Part of the explanation for our disappearance from the blogosphere for a while was my 3 week emergency trip back to the U.S. where the intention was to pitch in to help the family with my grandmother’s sudden illness. I never made it to help the family, but I did make it in time to attend the funeral services.
When we moved to Nepal I gave my family instructions; to my cousin, ‘do not get married till I get back, to my sister, ‘do not have babies till I get back’. But, I neglected to tell my two remaining grandmothers not to die until I got back. So with this colossal oversight on my part, they both proceed to die, within 7 weeks of each other.
It is a strange stage of life where those who were so influential in the formative years of my life, teachers, grandparents, you know, adult people, start dying. I find myself a little shocked and unsure what to do, even though I knew they wouldn’t always be here. I guess I’ve always counted on having older, wiser, more experienced people around, that it wasn’t my time yet to have to deal with the tough stuff, that I could avoid the weight of the world a little longer. Now I find myself in the position of being the ‘adult’ and I’m really just not confident I can do it.
On one hand I’m sorry, so sorry that I was here in Nepal and not with them when they died. I’m devastated I missed one grandma’s funeral services and I’m so heartbroken that I just missed the other in life. The Hindu here in Nepal have traditions when a family member dies they participate in different rituals and worships and the family is not expected to cook or clean for a full two-week period. In the west we typically have one remembrance service where the family gathers together and then are expected to move along with daily life. I’m unsure how to process the deaths of those so close to me and find myself looking at photos, listening to songs and remembering, because I’m just not ready to ‘move along’. I wonder about being away from my family during all this and if these things would be easier if I was not on the other side of the world.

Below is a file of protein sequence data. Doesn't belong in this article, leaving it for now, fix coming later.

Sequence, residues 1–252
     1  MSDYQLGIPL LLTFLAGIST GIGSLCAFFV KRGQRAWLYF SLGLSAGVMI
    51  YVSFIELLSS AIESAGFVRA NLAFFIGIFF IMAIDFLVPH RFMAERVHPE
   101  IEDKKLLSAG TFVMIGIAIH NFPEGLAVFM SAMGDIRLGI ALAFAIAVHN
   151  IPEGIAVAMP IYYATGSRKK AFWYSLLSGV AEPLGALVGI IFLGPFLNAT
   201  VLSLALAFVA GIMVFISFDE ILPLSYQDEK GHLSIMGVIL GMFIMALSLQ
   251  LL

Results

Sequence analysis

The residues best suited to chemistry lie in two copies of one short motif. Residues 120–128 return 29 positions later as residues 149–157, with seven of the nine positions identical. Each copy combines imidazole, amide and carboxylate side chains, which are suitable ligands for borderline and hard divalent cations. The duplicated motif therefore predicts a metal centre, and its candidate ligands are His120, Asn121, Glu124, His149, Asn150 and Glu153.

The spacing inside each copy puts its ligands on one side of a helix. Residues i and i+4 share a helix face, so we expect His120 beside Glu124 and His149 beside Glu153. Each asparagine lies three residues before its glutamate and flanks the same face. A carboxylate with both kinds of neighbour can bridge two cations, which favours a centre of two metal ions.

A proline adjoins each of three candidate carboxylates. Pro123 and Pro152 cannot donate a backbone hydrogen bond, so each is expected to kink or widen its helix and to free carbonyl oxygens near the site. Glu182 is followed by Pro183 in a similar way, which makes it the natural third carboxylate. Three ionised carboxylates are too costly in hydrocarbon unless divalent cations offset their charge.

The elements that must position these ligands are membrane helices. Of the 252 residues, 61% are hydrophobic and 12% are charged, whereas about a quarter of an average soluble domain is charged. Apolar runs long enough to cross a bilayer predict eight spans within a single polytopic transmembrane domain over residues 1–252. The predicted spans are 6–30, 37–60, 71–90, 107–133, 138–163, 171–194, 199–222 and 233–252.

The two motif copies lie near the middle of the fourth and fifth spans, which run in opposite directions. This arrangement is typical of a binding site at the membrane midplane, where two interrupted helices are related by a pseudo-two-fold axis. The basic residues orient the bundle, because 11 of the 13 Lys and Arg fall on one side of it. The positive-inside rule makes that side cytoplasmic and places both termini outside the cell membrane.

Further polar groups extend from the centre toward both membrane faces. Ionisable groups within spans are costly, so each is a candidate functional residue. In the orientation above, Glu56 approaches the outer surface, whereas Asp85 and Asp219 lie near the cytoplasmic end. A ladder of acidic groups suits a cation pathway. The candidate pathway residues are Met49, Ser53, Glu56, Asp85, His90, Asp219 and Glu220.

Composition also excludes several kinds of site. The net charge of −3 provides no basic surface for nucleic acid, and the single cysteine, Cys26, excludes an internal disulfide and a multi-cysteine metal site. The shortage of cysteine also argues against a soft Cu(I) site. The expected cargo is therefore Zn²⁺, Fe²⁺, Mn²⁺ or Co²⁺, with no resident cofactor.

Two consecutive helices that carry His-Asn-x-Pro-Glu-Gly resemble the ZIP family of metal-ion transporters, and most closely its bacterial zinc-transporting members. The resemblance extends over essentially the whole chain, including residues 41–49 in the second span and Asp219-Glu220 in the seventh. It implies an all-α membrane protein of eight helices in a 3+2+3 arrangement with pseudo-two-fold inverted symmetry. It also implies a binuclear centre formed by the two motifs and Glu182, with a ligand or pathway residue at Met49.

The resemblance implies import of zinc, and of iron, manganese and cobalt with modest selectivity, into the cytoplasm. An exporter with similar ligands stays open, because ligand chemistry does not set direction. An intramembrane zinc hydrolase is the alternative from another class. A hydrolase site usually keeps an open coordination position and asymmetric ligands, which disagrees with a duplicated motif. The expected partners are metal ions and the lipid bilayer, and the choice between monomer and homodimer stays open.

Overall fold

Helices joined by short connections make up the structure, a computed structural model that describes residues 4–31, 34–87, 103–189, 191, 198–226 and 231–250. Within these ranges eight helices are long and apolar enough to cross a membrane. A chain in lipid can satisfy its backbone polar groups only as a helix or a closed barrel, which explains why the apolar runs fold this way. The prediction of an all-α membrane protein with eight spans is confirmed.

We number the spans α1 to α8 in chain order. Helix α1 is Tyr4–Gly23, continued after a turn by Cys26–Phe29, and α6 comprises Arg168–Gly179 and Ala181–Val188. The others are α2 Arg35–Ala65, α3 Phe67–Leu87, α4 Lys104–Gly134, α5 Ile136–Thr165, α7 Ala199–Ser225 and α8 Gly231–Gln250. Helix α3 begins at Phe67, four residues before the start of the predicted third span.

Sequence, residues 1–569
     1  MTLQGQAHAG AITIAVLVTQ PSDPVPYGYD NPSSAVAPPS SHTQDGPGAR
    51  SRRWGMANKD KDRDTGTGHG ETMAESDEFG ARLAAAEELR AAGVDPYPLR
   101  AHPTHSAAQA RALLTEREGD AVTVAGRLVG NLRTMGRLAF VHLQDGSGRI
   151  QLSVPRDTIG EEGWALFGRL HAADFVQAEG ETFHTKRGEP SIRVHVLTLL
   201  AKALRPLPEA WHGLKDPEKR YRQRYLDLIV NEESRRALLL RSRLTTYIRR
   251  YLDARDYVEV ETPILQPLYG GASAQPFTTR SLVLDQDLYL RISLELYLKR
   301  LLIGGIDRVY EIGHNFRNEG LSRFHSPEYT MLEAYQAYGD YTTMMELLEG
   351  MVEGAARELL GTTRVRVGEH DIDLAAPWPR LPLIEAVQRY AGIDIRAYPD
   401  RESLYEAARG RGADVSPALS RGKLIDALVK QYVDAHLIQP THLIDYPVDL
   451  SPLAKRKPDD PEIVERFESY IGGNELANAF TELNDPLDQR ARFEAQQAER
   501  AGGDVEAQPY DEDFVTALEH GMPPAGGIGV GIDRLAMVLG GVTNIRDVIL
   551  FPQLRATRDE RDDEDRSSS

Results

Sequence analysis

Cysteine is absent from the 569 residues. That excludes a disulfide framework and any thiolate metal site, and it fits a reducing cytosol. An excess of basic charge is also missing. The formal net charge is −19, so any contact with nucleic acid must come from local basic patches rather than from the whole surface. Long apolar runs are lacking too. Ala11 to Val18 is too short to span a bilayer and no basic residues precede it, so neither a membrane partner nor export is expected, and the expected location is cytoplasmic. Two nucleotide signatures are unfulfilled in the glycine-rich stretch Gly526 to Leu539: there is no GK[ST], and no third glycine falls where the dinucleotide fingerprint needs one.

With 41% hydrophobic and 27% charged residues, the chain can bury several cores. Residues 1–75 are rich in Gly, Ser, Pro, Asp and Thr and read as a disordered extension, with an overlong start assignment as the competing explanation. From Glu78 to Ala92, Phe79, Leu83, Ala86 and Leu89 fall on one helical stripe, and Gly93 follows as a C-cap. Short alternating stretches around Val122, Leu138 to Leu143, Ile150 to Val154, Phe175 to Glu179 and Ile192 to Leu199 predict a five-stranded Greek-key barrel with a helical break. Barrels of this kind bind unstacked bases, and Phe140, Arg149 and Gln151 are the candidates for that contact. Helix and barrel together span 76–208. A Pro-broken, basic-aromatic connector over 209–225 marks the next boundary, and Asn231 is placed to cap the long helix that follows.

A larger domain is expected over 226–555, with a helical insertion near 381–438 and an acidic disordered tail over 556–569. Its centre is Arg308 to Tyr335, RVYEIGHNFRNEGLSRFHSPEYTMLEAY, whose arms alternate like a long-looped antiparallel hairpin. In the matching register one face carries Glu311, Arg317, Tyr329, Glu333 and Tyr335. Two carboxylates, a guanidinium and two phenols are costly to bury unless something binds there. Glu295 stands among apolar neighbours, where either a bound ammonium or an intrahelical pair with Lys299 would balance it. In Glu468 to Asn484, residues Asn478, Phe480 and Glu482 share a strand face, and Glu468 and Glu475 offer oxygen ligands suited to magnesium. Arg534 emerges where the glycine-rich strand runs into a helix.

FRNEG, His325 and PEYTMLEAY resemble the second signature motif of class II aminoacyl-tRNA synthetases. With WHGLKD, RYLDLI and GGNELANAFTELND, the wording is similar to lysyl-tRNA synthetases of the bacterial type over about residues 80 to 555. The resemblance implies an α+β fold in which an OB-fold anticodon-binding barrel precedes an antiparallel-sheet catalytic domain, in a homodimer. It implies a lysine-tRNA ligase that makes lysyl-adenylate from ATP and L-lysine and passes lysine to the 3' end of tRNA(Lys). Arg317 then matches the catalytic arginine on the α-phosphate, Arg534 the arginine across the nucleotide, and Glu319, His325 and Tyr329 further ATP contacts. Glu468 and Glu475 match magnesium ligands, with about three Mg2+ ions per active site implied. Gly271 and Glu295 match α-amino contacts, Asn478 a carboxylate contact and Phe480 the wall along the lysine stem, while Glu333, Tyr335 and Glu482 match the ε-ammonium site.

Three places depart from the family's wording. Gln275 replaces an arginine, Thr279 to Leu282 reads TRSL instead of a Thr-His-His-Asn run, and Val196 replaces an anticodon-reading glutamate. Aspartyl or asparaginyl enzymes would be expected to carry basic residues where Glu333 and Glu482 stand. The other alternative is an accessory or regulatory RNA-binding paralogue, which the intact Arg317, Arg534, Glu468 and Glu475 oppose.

On the other hand, spending so much time intentionally remembering and thinking of my grandmother’s has given me determination to really do something with this one wild and precious life I’ve been given. My grandmothers were really strong women, maybe constrained a little by the societal limitation of their time, but not constrained or put down by themselves or those around them. They used their lives in ways that brought themselves and other people joy. We just have this one wild and precious life to experience the joy and beauty in the world. We only have this one wild and precious life to understand who it is who made it all. We just have this one wild and precious life to learn to pray. We just have this one wild and precious life to make an impact where we can. So in that regard I’m glad to be here in Nepal and in honor of Elaine I will enjoy the dance and the beauty of life around me here and in honor of Martha I will try to touch someone who needs someone here and I will do what I can with my one wild and precious life, even here in Nepal.
The Summer Day
Who made the world?
Who made the swan, and the black bear?
Who made the grasshopper?
This grasshopper, I mean-
the one who has flung herself out of the grass,
the one who is eating sugar out of my hand,
who is moving her jaws back and forth instead of up and down-
who is gazing around with her enormous and complicated eyes.
Now she lifts her pale forearms and thoroughly washes her face.
Now she snaps her wings open, and floats away.
I don’t know exactly what a prayer is.
I do know how to pay attention, how to fall down
into the grass, how to kneel down in the grass,
how to be idle and blessed, how to stroll through the fields,
which is what I have been doing all day.
Tell me, what else should I have done?
Doesn’t everything die at last, and too soon?
Tell me, what is it you plan to do
with your one wild and precious life?